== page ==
Are these powered or passive switches? Powered switches typically eliminate interaction and/or switching errors.

Does this happen with a specific polarity selected on the primary and secondary STBs?
 

wvman

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Sep 19, 2014
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N. Central WV
Check the selected port voltage at the LNBF next time this problem happens.

Is there voltage on this port? If so, what is the voltage reading? At the same time, check the voltage at the LNBF port selected by the primary receiver. What is the voltage reading?

Are these powered or passive switches? Powered switches typically eliminate interaction and/or switching errors.

Does this happen with a specific polarity selected on the primary and secondary STBs?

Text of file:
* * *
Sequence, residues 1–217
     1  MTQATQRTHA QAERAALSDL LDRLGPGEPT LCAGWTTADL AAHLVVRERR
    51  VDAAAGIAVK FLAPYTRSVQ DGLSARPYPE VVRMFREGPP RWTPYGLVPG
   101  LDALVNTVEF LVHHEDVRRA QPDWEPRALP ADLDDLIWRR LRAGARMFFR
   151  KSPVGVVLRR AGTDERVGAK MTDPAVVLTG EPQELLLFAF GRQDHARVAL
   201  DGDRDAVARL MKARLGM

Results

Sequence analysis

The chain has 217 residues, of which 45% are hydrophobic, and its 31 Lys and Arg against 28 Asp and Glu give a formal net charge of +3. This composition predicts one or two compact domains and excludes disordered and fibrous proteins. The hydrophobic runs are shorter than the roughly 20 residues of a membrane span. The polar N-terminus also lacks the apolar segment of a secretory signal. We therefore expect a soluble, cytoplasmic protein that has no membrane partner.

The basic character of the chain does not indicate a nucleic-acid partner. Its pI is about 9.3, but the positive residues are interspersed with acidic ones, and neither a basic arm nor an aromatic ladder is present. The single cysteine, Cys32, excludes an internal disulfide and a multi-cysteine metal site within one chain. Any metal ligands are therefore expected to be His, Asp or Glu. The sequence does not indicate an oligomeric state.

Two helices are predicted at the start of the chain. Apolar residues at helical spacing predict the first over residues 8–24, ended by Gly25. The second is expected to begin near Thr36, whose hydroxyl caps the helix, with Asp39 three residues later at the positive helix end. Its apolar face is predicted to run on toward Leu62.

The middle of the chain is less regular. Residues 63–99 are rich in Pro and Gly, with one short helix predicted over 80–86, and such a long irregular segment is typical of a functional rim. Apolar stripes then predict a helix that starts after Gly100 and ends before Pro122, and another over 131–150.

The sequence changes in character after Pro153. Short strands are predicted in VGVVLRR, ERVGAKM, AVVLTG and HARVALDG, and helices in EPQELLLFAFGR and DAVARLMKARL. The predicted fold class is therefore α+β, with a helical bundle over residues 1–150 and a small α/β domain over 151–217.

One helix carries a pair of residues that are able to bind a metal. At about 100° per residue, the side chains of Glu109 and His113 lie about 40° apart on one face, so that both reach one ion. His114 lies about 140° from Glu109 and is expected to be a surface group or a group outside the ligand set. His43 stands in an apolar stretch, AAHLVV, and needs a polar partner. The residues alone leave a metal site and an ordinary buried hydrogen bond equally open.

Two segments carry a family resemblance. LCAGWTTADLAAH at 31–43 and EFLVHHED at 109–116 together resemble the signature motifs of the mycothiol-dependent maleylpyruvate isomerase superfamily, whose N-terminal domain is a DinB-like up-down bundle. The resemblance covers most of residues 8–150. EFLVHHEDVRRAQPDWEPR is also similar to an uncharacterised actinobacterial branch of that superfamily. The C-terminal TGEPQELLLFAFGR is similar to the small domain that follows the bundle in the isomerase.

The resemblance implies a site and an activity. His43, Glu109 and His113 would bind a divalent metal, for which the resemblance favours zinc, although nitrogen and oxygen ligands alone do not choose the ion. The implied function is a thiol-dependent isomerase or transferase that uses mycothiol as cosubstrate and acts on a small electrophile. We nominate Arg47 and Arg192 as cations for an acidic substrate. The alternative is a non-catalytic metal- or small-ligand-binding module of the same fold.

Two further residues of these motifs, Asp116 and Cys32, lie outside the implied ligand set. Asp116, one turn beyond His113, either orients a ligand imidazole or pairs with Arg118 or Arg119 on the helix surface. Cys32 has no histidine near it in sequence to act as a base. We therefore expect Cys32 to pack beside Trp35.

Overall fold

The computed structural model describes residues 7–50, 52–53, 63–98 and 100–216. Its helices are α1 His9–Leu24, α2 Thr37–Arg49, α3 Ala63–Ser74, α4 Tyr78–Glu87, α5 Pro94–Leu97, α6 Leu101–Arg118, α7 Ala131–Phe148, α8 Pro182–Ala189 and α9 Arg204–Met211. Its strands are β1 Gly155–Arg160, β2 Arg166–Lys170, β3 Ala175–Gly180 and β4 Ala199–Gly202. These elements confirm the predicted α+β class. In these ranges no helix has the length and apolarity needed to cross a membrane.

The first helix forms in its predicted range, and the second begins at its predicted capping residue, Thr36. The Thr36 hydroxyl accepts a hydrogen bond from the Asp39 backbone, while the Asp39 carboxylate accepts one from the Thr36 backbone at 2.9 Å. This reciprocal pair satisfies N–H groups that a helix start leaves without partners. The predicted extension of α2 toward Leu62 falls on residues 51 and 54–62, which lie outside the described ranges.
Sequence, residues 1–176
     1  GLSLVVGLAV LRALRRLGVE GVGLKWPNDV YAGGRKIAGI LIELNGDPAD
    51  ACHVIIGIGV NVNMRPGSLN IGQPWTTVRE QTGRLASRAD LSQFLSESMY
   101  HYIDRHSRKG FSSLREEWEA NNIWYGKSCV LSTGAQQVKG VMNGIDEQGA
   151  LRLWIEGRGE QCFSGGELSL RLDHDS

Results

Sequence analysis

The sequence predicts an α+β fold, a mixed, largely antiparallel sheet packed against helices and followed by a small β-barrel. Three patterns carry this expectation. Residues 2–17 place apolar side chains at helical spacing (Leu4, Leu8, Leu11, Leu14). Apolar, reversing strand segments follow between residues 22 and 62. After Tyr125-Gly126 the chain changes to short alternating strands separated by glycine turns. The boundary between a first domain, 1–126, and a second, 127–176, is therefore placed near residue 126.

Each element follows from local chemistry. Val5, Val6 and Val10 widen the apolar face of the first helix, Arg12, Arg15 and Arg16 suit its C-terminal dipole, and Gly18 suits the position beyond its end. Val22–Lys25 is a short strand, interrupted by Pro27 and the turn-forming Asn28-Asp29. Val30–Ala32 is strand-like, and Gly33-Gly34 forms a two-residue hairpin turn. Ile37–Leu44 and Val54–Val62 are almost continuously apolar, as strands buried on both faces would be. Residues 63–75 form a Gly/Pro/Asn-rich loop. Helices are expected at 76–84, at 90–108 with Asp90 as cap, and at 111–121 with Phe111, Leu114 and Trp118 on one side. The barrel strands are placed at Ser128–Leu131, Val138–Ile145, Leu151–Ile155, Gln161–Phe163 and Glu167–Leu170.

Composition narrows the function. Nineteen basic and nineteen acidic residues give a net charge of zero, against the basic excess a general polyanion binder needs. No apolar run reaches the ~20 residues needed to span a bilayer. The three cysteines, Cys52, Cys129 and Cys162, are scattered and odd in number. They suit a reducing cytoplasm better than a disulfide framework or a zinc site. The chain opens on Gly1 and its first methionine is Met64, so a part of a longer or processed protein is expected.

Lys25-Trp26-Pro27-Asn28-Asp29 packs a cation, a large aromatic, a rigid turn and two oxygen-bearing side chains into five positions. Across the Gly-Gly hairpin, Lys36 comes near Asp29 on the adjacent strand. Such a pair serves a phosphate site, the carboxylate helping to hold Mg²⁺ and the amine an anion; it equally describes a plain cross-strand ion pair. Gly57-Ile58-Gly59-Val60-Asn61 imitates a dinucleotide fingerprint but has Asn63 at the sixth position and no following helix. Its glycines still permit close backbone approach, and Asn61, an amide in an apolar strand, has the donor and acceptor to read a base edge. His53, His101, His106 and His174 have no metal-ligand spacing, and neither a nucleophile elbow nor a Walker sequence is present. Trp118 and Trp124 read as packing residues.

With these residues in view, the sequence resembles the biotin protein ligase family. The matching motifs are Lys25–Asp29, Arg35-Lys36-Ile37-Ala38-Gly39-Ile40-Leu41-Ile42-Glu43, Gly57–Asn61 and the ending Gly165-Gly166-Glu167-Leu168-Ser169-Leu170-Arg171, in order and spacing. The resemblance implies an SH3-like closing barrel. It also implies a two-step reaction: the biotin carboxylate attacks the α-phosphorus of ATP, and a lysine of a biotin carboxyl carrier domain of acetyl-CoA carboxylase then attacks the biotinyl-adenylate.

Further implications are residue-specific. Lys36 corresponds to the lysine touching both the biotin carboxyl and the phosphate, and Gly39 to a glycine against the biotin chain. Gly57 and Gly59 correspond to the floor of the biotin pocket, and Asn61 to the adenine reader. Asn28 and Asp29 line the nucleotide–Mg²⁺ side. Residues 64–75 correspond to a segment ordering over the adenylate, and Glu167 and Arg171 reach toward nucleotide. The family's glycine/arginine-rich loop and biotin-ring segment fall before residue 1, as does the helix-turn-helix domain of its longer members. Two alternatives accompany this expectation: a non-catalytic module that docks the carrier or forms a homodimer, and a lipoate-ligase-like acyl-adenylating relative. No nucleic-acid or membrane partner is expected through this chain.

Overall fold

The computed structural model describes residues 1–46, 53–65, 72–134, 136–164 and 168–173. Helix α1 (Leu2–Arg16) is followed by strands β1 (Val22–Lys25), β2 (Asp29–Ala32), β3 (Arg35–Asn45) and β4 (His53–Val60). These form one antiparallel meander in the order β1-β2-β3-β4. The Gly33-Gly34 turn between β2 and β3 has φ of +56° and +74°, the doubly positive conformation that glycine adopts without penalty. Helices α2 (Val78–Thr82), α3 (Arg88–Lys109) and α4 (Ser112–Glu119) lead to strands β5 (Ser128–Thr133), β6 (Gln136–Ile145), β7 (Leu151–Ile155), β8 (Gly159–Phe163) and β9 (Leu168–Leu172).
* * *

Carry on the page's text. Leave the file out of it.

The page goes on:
These switches are not powered. The STB supplies the power when a satellite is selected. diseqc switch.jpg This is the switch I'm using. Getting a voltage reading at the port or at the LNBF would be hard to do since it only loses signal for a few seconds. I'd never have time to get the cable unhooked to check it. I noticed on Galaxy 17 when the wife's watching Light TV, every channel loses signal.

It doesn't happen on one polarity or the other all the time. At this point, I am open for suggestions on what powered switch would be the best option. I assume with a powered switch, all ports would set up using a 22khz tone?? :)
 
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wvman

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Do I understand right: even when the signal on a satellite is lost, the port of the switch still carries a voltage?
So the problem arises in the LNB?

Greetz,
A33

As I mentioned in the post to Titanium, there isn't time to check the voltage due to the short span of time it's off, like 5 or 6 seconds at most. I'd be really surprised to find a problem with the Titanium LNBF I'm using on all of the C-Band dishes. In fact, I ordered 3 from him not long ago with the filters, and changed out three of them, but it was doing the same thing with the LNBF's I changed out. :)